- ‼ updated rules - Need help translating a postcard you've received?

This is a topic where you can request help from other postcrossers to translate something you cannot read on a postcard you have received.

You can post a photo of your postcard text here, and someone will hopefully see your request and reply with a translation soon. Please make sure you hide any identifying details from the image, such as names or Postcard IDs.

Keep in mind that you can use tools like Google Translate, DeepL, Yandex Translate for a quicker result.

Note: The purpose of this topic is to help translate text that is unintelligible, and posts on the topic are regularly deleted, so that postcard messages don’t stay here for too long. The Community Guidelines still apply otherwise, both in other part of the forum as well as outside of it, so please don’t share the written side of postcards elsewhere.

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@littlesthobo @Adonis_sibirica

I think it says ‘pretty’ (village).

PS Pont-en-Royans was chosen in 2021 as the most beautiful village in the Isère department (southeastern France) and La Poste released this stamp for the occasion:

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This is a bit more complex as it wouldn’t make sense to simply translate it without context. The card is in low German and about a well known person from Hamburg. His name was Johann Wilhelm Bentz, a water carrier from Hamburg who was called Hans Hummel.

Children mocked him, calling Hummel Hummel and he replied with Mors Mors (Mors is the low German word for butt, closest translation would be "kiss my a…). This quite unusual “call” is still used in Hamburg e.g. in sports, some songs, sometimes even to greet. But a person from Hamburg might explain it a lot better :rofl:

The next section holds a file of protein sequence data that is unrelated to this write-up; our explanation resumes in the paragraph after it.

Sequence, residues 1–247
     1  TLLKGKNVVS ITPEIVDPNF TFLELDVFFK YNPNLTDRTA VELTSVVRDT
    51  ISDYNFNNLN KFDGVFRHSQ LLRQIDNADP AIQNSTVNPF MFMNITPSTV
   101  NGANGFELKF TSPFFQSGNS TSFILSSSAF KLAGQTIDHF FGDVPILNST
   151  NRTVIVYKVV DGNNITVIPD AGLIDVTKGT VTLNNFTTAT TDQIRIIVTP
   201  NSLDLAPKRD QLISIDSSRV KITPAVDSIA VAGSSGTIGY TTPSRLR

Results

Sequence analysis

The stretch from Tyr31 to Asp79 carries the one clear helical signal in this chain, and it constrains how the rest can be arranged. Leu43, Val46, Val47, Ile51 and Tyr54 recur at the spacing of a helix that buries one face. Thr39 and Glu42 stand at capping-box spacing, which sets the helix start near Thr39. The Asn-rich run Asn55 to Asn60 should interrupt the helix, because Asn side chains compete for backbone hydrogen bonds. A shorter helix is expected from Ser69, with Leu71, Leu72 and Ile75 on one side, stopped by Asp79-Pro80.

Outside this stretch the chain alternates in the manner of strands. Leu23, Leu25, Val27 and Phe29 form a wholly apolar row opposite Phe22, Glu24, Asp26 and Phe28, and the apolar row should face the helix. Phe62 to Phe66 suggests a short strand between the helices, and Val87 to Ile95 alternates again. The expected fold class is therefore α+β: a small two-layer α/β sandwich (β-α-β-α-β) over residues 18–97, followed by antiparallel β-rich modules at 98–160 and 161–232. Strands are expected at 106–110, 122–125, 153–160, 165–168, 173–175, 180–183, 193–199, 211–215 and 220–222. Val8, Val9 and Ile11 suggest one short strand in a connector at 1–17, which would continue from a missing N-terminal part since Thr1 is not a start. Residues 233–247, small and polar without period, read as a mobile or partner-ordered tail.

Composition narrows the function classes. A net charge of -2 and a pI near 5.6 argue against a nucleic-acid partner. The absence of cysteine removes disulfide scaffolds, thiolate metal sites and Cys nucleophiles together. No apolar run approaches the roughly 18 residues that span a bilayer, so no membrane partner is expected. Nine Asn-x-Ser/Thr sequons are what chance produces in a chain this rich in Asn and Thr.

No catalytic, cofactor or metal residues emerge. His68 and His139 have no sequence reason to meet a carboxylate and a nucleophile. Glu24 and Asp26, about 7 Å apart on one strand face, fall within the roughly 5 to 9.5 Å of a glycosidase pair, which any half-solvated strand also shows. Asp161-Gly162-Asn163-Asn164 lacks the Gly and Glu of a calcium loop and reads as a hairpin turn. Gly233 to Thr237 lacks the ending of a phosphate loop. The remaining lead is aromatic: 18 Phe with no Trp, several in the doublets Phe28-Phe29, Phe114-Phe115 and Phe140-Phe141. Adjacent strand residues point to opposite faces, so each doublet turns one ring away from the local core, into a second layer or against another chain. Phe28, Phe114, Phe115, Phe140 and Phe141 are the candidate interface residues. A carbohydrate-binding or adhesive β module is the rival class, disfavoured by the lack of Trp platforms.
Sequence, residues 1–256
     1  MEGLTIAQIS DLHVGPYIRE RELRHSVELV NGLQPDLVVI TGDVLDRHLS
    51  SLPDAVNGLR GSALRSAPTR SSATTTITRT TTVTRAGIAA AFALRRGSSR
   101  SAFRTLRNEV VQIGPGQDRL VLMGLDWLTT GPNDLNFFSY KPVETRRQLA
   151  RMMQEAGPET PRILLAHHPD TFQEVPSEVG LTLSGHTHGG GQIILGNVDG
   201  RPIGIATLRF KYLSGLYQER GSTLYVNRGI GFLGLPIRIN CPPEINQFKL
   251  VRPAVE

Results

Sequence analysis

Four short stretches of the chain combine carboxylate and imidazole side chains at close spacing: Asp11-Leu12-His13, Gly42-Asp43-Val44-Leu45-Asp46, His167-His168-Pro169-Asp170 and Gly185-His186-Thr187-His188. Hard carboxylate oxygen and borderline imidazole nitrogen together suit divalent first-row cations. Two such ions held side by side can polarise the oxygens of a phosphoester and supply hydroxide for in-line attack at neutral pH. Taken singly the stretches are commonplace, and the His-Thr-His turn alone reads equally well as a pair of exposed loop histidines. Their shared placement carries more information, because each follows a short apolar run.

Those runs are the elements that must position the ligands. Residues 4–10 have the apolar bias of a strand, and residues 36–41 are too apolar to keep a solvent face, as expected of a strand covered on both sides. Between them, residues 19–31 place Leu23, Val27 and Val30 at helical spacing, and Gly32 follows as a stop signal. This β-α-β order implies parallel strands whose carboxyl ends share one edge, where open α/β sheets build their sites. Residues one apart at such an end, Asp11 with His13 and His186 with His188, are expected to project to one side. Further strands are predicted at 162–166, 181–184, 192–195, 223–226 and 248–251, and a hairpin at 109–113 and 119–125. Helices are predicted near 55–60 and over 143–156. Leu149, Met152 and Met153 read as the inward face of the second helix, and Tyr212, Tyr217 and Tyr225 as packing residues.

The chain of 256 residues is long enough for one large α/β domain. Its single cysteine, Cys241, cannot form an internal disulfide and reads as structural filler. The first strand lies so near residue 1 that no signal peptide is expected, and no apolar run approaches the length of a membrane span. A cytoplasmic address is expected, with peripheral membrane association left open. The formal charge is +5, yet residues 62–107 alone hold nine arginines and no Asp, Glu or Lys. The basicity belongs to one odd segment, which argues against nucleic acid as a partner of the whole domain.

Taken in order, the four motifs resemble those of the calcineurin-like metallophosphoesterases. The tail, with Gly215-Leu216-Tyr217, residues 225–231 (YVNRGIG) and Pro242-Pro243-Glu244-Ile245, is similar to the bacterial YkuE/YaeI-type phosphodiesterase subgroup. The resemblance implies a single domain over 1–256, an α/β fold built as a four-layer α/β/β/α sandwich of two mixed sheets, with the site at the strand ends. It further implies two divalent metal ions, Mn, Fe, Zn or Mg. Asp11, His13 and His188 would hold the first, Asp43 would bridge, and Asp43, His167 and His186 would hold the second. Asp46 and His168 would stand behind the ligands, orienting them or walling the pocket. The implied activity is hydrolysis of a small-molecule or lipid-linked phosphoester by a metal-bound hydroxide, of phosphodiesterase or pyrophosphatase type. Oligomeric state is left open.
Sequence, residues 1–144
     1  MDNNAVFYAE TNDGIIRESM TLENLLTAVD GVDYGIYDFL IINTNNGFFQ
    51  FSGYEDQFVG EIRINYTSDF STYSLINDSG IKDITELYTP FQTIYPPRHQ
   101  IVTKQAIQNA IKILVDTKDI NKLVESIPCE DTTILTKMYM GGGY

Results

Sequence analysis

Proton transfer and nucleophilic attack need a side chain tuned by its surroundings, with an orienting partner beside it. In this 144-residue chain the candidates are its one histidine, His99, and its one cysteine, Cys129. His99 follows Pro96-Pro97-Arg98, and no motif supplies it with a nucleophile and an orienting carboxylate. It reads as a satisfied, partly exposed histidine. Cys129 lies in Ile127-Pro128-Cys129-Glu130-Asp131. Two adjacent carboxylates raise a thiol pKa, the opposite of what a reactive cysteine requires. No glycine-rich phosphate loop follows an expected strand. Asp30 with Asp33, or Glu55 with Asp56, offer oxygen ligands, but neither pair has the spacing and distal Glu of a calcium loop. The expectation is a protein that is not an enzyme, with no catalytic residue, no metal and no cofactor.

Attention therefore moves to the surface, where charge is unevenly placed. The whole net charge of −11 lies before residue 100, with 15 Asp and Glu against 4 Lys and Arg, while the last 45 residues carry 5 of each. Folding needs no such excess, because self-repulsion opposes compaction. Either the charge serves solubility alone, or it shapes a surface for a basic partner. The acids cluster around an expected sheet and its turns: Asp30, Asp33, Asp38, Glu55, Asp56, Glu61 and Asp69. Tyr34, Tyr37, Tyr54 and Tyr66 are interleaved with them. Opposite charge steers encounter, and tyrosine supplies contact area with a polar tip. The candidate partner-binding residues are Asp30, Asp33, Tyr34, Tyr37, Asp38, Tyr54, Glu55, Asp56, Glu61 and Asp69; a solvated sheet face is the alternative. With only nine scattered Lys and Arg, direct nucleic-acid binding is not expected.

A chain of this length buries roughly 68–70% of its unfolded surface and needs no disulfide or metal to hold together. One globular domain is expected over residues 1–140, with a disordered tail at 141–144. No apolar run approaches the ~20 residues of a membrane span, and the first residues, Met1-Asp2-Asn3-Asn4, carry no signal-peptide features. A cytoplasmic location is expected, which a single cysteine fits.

Now to the lower part of the text, a (very) loose translation, but I can’t think of a better one right now:

Hummel Hummel! shouts the kid. He turns around and you bend your finger to the hole at the back.

edit: after thinking about it, I want to add a bit more explanation to the lower part as well… as explained above Mors is low German for butt and the meaning behind mors, mors is Klei di an’n Mors (litterally “scratch your butt”, but meaning “kiss my a…”). But with this context the hole in the card should make more sense.

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This is really interesting, as the greeting is written in Sütterlin script but than switched to normal Latin letters :grin: But the sender didn’t like to use any punctuation marks, I will add them for easier reading!

Liebe Kinder,
Guten Morgen.
haben Kaffee getrunken, jetzt geht es weiter. Das Wetter ist fein. Wünschen euch alles Gute.
Love Opa + Oma
Auf Wiedersehen

Dear Children,
Good Morning. We had some coffee and now we move on. The weather is fine.
Wishing you all the best,
Love Grandpa + Grandma
Goodbye

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This is what google lens says:

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@pcronn I can’t help with translating the Russian, but I do recognize the symbol as one of the tattoos found on the Siberian Ice Maiden!

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When you have a girl-/boyfriend in Germany we say „I‘m going with XY.“ That means XY is my partner.

On this card there is the question: „do you wanna go with me?“ And you have three possibilities to answer: yes, no or I‘m here with my bike.